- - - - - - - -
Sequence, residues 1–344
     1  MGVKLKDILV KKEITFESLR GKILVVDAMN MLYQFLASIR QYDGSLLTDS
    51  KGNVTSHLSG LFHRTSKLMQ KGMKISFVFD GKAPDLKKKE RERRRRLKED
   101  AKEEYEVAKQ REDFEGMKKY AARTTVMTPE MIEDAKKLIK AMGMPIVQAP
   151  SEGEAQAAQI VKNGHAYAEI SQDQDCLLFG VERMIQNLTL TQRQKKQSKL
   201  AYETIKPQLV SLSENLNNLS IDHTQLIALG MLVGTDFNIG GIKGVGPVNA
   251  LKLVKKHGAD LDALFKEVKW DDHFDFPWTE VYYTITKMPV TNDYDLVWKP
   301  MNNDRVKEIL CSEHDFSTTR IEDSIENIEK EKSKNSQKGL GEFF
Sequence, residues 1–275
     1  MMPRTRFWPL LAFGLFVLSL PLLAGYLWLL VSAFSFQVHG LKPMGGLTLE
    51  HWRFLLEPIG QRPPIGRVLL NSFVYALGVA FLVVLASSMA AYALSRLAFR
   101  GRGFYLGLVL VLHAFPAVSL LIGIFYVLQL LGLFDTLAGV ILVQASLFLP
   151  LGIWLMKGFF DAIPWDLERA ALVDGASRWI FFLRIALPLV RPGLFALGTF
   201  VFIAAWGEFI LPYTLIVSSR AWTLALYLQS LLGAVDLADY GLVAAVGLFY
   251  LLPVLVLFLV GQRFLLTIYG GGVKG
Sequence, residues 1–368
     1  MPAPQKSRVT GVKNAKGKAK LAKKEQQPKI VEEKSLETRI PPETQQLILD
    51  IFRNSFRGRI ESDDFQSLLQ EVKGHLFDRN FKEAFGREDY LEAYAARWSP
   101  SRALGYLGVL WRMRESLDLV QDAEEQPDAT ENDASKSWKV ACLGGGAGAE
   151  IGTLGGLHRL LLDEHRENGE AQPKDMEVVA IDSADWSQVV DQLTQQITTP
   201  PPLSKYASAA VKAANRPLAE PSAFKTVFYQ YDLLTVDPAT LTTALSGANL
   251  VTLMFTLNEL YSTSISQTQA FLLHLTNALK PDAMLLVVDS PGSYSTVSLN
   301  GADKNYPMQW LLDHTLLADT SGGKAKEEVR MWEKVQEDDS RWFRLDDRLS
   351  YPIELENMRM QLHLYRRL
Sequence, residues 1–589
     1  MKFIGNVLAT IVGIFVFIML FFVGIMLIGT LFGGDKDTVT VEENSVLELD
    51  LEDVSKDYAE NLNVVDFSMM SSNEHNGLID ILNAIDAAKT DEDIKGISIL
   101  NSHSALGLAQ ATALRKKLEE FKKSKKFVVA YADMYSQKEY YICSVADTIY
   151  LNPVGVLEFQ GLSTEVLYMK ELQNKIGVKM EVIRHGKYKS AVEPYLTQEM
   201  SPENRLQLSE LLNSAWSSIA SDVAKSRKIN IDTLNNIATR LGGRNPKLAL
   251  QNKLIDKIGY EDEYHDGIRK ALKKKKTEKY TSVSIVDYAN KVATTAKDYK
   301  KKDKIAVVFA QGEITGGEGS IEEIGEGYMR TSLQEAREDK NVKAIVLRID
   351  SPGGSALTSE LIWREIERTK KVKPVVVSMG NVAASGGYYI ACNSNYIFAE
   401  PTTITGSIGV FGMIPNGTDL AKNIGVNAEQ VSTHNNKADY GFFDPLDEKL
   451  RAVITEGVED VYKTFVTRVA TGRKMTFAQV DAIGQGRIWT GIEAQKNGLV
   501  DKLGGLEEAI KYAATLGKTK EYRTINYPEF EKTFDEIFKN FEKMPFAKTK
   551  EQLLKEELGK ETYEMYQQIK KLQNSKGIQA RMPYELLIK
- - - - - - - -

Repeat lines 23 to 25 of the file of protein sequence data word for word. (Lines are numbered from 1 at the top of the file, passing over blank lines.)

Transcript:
   301  GADKNYPMQW LLDHTLLADT SGGKAKEEVR MWEKVQEDDS RWFRLDDRLS
   351  YPIELENMRM QLHLYRRL
Sequence, residues 1–589